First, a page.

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Does Title VII Prohibit Discrimination Based on Sexual Orientation? The Supreme Court Might Decide…

By Eric J. Schreiner

Last month a federal appeals court became the first federal appellate court in the country to rule that Title VII, the federal workplace antidiscrimination law, expressly prohibits discrimination based on sexual orientation. In Hively v. Ivy Tech Community College, the United States Court of Appeals for the Seventh Circuit, which has jurisdiction over cases from federal district courts in Illinois, Indiana and Wisconsin, held that discrimination based on an employee’s sexual orientation is a form of unlawful discrimination prohibited by Title VII.  Prior to the 7th Circuit’s ruling in Hively, federal appellate courts repeatedly had found that Title VII did not expressly prohibit discrimination based on sexual orientation.  While the 7th Circuit’s decision in Hively is only controlling on federal district courts in Illinois, Indiana and Wisconsin, it likely will be considered by other federal appellate courts as they grapple with the issue of sexual orientation discrimination under Title VII.

This is an area of the law that is unsettled. In fact, just a few weeks before the 7th Circuit issued its opinion in Hively, the United States Court of Appeals for the Eleventh Circuit (which has jurisdiction over cases from federal district courts in Alabama, Florida and Georgia) held that Title VII does not prohibit discrimination based on sexual orientation.  The United States Court of Appeals for the Second Circuit (which has jurisdiction over appeals from federal district courts in Connecticut, New York and Vermont) reached the same conclusion in two recent decisions (one issued just before Hively and one after), but in the first of those decisions two of the three judges on the panel suggested in a concurrence that the full 2nd Circuit needed revisit its prior decisions that found Title VII did not cover sexual orientation discrimination.  One of those decisions is now being reviewed by the full 2nd Circuit, which could lead to further rulings on the issue of sexual orientation discrimination in that circuit.  The Unites States Court of Appeals for the Third Circuit, which has jurisdiction over appeals from federal district courts in Pennsylvania and New Jersey, has not taken up this issue since the Hively ruling.  Prior rulings by the 3rd Circuit, however, have held that Title VII does not expressly prohibit discrimination based on sexual orientation, although there are more recent rulings by district courts in the 3rd Circuit that have distinguished these prior rulings.  The issue of whether Title VII expressly prohibits discrimination based on sexual orientation ultimately may need to be determined by the Supreme Court based on the split that has emerge in the federal appeals courts.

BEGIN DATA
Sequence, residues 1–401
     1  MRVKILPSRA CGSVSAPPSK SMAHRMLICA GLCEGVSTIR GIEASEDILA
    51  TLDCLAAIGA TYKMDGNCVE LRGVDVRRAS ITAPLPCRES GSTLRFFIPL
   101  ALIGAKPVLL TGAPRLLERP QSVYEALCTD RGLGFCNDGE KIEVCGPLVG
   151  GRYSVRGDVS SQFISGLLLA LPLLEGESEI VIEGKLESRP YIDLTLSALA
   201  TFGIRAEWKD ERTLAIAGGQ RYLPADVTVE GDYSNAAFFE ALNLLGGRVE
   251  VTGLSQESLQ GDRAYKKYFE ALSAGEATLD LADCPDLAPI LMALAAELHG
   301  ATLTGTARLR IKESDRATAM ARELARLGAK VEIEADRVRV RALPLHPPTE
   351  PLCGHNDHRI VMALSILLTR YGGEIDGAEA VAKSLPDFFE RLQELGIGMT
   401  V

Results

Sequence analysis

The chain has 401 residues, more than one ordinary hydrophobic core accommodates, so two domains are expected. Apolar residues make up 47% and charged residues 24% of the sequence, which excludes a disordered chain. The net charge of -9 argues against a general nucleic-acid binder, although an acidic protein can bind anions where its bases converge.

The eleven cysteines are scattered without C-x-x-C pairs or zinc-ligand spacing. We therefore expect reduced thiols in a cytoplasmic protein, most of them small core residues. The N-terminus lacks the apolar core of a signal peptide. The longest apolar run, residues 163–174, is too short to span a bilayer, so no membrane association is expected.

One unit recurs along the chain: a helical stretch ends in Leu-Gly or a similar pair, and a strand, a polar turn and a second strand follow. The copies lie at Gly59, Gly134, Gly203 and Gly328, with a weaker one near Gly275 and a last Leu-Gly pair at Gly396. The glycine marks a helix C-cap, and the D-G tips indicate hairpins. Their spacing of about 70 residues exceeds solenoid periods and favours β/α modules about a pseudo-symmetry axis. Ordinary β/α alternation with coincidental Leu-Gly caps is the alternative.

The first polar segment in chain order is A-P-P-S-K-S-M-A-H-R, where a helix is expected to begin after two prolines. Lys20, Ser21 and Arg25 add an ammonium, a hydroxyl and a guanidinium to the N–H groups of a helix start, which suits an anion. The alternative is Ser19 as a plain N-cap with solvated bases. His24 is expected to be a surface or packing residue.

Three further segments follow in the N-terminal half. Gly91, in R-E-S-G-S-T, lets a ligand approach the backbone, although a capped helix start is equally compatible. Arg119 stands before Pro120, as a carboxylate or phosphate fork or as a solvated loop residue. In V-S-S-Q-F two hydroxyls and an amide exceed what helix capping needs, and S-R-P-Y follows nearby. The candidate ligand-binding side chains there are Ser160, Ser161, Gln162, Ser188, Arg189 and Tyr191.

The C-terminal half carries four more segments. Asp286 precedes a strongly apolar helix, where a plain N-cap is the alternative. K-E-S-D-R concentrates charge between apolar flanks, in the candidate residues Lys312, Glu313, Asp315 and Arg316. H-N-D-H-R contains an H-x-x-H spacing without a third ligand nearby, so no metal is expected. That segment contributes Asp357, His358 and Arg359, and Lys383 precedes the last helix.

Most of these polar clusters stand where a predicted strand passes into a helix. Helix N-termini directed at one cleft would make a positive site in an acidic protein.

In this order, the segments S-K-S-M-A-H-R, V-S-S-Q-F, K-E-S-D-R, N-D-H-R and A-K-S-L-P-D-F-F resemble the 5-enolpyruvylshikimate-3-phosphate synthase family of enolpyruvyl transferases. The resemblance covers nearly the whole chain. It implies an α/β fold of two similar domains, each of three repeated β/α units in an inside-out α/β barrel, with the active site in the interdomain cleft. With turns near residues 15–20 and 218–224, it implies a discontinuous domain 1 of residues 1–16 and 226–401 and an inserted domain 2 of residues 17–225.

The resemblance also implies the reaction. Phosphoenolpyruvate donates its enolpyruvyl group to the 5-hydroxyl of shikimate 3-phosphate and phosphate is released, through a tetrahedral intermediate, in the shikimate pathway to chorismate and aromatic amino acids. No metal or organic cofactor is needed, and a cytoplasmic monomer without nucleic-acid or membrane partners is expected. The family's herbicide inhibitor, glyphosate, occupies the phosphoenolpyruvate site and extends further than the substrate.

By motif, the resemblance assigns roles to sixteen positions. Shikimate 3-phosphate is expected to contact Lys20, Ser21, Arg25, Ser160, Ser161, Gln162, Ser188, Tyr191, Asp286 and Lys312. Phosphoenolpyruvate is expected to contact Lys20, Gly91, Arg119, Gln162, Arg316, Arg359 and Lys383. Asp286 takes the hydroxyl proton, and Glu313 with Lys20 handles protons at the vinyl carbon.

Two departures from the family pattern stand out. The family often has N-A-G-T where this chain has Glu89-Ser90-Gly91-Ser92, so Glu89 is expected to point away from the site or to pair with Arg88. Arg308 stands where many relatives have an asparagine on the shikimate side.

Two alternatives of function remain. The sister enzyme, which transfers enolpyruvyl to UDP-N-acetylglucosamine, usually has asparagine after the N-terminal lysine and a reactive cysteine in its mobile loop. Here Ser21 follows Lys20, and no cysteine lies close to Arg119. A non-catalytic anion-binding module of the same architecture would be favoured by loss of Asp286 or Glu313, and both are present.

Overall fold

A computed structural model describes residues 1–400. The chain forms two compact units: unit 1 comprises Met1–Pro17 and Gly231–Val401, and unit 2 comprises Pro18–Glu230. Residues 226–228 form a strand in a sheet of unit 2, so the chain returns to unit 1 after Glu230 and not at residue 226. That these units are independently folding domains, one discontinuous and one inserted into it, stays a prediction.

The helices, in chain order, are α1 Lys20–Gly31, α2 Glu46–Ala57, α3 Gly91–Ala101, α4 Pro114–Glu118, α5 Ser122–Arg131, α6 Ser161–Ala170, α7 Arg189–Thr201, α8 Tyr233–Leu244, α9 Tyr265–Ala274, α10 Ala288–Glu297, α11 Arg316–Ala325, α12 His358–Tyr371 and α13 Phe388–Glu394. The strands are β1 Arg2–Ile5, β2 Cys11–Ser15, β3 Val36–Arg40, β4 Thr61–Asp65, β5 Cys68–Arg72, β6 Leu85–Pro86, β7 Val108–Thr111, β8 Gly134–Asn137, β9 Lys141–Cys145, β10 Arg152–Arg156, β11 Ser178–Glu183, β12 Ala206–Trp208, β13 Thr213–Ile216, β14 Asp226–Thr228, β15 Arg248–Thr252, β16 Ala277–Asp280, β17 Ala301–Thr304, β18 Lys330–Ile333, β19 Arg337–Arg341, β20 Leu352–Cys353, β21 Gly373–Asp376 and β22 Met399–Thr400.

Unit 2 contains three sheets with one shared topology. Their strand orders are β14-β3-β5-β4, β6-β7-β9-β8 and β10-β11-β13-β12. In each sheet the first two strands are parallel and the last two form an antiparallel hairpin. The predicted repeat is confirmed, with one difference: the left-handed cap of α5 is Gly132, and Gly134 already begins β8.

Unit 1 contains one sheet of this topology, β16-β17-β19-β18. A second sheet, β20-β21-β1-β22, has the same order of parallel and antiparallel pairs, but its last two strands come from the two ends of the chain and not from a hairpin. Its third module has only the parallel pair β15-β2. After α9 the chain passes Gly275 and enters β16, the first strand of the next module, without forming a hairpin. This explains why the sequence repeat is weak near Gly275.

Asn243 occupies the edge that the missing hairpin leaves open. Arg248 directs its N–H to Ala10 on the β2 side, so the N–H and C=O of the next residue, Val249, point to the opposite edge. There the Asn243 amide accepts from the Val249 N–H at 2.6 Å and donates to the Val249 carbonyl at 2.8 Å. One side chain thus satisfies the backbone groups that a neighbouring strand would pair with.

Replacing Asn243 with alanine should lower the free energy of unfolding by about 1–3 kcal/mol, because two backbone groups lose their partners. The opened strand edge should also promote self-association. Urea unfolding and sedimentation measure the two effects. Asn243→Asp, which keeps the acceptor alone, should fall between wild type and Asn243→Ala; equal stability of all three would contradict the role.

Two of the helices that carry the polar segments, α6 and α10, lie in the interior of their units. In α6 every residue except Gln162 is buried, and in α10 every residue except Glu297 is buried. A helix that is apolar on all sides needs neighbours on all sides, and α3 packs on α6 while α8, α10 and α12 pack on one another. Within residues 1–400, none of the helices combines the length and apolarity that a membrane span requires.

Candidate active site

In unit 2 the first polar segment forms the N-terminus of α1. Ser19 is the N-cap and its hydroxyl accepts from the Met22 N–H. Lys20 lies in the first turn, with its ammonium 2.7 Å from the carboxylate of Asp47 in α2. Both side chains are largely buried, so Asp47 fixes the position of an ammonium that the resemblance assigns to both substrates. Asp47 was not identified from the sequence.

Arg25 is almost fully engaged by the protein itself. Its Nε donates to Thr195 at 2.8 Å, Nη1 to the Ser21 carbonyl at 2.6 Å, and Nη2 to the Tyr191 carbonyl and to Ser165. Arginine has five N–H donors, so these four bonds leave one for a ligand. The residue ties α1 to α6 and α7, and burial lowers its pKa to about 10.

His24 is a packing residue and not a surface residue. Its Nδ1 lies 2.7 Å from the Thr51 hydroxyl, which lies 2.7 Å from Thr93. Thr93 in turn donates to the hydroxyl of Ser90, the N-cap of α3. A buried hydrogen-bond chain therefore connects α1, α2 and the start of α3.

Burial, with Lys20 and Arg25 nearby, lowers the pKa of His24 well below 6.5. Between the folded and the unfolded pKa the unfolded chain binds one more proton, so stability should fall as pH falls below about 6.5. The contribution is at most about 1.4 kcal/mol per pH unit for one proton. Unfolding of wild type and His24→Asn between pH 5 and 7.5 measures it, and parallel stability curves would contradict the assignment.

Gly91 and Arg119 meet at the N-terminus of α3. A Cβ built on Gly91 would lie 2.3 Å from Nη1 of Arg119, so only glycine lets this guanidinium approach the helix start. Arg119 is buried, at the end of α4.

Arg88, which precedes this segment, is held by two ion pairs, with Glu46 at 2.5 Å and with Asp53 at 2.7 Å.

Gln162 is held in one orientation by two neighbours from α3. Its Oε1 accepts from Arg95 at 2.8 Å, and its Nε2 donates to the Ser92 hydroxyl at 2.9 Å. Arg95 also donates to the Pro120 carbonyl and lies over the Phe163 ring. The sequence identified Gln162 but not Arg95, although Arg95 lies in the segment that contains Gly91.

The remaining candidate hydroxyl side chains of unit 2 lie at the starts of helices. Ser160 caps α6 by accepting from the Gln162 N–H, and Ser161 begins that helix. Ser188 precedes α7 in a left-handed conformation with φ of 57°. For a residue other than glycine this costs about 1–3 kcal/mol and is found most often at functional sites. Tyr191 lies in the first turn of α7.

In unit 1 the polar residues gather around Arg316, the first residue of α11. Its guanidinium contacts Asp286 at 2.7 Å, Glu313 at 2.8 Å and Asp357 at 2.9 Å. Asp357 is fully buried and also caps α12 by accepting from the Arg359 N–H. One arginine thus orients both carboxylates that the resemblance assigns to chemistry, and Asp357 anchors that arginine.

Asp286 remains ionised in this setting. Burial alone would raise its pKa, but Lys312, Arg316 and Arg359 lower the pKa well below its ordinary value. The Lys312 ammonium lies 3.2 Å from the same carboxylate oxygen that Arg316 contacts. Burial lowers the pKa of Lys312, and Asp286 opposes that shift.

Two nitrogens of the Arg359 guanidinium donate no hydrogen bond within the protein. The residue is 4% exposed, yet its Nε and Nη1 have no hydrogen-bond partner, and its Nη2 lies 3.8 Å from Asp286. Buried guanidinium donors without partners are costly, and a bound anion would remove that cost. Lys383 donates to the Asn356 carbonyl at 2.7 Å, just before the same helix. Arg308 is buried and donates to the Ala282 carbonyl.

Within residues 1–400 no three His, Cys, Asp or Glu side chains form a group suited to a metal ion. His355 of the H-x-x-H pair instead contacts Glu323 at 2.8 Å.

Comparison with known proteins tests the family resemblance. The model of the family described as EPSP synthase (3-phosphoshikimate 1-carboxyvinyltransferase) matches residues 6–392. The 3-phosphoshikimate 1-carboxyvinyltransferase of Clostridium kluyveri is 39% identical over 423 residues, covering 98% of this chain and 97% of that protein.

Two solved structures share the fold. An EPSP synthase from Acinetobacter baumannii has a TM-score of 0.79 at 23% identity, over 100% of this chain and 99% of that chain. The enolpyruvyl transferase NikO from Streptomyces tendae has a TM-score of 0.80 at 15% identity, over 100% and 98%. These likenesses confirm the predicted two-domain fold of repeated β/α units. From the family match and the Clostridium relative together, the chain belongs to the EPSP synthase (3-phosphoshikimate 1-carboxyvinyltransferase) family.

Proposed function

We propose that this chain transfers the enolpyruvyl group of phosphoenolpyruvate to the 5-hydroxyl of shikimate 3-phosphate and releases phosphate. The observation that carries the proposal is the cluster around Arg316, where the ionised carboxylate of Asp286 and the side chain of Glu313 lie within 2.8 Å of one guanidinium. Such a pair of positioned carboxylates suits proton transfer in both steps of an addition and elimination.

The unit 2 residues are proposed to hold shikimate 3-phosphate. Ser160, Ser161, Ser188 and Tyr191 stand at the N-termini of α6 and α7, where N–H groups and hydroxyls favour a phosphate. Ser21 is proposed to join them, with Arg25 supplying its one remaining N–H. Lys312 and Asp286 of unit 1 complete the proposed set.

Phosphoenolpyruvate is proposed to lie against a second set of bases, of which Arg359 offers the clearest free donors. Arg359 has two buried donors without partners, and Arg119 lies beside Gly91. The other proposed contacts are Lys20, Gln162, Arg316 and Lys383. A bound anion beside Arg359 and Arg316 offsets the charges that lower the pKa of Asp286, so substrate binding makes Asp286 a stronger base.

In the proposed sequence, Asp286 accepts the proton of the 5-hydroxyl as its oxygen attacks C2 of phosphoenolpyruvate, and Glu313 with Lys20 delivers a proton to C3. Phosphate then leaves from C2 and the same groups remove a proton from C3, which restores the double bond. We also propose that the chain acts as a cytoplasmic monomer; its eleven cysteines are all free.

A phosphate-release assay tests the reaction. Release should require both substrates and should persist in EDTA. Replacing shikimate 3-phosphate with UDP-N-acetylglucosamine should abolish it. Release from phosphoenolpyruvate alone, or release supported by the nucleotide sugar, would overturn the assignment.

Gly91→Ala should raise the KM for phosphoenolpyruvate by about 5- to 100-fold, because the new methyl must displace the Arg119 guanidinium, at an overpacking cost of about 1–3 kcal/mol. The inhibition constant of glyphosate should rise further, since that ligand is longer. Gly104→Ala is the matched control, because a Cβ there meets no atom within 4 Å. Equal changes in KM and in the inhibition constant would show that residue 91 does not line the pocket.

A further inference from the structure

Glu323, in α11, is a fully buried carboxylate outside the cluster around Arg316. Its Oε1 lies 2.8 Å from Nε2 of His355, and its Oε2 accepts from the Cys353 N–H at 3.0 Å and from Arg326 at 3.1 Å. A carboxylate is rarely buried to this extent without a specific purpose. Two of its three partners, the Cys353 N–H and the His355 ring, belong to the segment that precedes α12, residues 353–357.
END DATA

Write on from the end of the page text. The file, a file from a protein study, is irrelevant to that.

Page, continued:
In light of the 7th Circuit’s decision in Hively, however, this is an area of the law that is in flux and should be monitored by employers.  Furthermore, as the issue of whether Title VII prohibits sexual orientation discrimination plays out in the federal appeals courts, employers still need to be careful when dealing with issues that may be related to an employee’s sexual orientation.  For example, some courts—including the 3rd Circuit—recognize “gender stereotyping” discrimination as a form of sex discrimination prohibited by Title VII.  This type of discrimination involves discrimination against an employee because he or she does not conform to gender stereotypes.  It can apply where a man is discriminated against because he acts feminine or a woman is discriminated against because she acts masculine.  Courts have held that this theory may be available where an employee alleges discrimination that involves his or her sexual orientation even if Title VII does not prohibit discrimination based on sexual orientation.

The recent decisions involving sexual orientation discrimination claims are a reminder to employers that they need to take such claims seriously. An employer who does not properly address discrimination claims based on sexual orientation proceeds at its own peril.  If you would like more information on this issue, please contact Eric J. Schreiner at 215.496.7217 or eschreiner@kleinbard.com.